The coming holidays and winter breaks mean traveling for many people. But spending more than four hours in a car, bus, train or plane leaves you at moderate risk for blood clots in your legs caused by a lack of circulation. These can sometimes break free and travel to the lungs, causing a potentially fatal pulmonary embolism. The longer you are immobile, the greater your risk of developing a blood clot.
The good news is that, with the following precautions that encourage circulation in your legs and feet, you can take that extended trip and reduce your risk of developing a blood clot:
- If you are driving, stop at least every two hours for a break. Get out of the car and walk around a little before getting back on the road.
- If you are on a plane, train or bus for more than four hours, stand up at least every hour and walk up and down the aisle.
- Drink plenty of fluids, and avoid alcohol and caffeine.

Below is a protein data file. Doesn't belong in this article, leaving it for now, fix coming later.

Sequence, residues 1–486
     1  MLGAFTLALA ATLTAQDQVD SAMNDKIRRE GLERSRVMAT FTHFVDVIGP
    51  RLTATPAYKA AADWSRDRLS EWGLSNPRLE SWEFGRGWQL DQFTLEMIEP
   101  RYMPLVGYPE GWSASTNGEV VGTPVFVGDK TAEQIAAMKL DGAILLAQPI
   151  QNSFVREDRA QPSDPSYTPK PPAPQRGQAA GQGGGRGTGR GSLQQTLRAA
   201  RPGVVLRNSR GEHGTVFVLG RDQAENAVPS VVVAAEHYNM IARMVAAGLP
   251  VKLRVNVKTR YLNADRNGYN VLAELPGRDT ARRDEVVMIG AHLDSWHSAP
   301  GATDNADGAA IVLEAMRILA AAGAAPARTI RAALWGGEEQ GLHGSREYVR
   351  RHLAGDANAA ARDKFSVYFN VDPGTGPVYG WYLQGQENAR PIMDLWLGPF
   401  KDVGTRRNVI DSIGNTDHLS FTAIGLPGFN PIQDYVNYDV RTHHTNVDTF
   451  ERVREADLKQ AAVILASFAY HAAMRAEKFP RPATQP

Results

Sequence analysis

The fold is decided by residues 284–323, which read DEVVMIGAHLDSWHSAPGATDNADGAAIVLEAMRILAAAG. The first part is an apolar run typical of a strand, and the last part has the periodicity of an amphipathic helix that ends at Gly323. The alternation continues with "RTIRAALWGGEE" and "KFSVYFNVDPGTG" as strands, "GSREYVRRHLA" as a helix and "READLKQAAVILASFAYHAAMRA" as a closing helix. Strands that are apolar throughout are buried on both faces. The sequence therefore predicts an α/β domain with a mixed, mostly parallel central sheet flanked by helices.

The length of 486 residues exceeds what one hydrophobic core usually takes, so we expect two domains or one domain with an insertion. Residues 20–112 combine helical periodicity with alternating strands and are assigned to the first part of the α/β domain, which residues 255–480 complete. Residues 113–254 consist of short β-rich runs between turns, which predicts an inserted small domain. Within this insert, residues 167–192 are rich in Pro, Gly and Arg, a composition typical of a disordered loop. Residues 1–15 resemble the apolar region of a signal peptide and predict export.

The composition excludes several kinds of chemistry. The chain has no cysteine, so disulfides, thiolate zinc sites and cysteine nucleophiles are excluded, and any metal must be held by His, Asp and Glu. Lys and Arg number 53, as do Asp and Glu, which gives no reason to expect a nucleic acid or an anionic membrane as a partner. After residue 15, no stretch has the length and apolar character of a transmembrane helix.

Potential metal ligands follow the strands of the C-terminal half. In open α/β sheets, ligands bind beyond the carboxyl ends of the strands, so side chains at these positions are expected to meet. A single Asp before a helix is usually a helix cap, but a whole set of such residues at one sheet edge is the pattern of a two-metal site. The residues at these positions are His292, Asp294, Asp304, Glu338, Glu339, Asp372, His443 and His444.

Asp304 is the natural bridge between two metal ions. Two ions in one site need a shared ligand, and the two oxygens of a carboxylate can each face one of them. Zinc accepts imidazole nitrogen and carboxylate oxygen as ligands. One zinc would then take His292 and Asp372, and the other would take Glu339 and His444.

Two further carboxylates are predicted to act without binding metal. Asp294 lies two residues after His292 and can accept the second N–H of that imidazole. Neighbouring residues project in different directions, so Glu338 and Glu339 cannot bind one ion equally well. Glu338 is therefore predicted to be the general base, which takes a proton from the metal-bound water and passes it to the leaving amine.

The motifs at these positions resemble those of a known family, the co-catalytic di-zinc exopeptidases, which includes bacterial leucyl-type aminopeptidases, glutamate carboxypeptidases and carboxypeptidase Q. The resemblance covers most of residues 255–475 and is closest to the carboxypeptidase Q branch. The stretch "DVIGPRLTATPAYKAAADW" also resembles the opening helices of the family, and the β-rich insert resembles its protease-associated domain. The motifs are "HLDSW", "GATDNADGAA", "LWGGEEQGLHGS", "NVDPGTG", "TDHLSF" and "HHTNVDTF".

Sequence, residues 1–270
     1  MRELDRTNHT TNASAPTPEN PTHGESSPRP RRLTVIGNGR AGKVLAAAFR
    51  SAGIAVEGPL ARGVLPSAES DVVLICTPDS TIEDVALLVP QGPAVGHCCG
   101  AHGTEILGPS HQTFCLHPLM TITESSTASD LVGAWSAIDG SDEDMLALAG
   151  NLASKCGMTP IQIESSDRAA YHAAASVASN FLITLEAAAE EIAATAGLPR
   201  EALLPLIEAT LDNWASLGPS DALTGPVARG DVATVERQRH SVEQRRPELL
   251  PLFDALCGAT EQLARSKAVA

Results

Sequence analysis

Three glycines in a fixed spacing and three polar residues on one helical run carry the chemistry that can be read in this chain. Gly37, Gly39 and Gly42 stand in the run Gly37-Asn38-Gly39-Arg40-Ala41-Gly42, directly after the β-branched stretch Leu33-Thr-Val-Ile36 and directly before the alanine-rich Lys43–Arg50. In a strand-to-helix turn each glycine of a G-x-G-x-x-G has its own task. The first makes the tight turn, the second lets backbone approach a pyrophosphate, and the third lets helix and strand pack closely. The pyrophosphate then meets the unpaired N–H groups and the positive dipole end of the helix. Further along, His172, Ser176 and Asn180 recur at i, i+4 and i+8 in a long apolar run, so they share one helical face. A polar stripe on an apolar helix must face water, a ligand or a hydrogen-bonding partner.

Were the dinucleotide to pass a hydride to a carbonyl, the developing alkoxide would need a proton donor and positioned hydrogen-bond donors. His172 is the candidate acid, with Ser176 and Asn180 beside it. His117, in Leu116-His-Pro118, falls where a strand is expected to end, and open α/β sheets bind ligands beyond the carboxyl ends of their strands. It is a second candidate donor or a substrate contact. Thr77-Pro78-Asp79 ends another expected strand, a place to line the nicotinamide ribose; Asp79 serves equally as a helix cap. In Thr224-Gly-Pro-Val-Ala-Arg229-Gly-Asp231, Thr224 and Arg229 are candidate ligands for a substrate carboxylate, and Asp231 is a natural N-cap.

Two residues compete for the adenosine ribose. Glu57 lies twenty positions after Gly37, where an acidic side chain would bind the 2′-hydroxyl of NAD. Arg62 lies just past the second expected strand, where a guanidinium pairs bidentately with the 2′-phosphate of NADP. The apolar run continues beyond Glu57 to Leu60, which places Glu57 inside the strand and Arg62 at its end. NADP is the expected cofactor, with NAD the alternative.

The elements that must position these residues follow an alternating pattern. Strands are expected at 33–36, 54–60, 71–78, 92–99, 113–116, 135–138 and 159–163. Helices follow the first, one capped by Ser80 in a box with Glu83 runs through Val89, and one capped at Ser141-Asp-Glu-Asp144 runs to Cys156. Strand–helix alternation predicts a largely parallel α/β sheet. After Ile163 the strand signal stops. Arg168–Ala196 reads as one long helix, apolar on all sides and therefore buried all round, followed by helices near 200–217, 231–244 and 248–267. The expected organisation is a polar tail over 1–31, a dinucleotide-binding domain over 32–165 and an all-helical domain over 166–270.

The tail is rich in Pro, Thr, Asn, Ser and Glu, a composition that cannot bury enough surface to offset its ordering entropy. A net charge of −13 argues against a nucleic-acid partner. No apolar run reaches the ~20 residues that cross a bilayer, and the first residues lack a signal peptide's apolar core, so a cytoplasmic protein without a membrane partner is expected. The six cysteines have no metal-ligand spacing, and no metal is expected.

- Wear loose-fitting clothes that are not tight around your waist or your legs.
- Between stretch breaks, extend your legs out and pull your toes toward you. If you do not have the legroom to do this, point and flex your toes and make circles with your feet.
It is also important to recognize the symptoms of a blood clot in the legs. These include swelling in one leg, pain or tenderness in your leg, reddish or bluish skin, and an area of your leg feeling warm to the touch.
Finally, if you are embarking on a long trip soon, call our office and make an appointment before you go. Together, we can review exercises you can perform while traveling to ensure that you have a safe, healthy journey.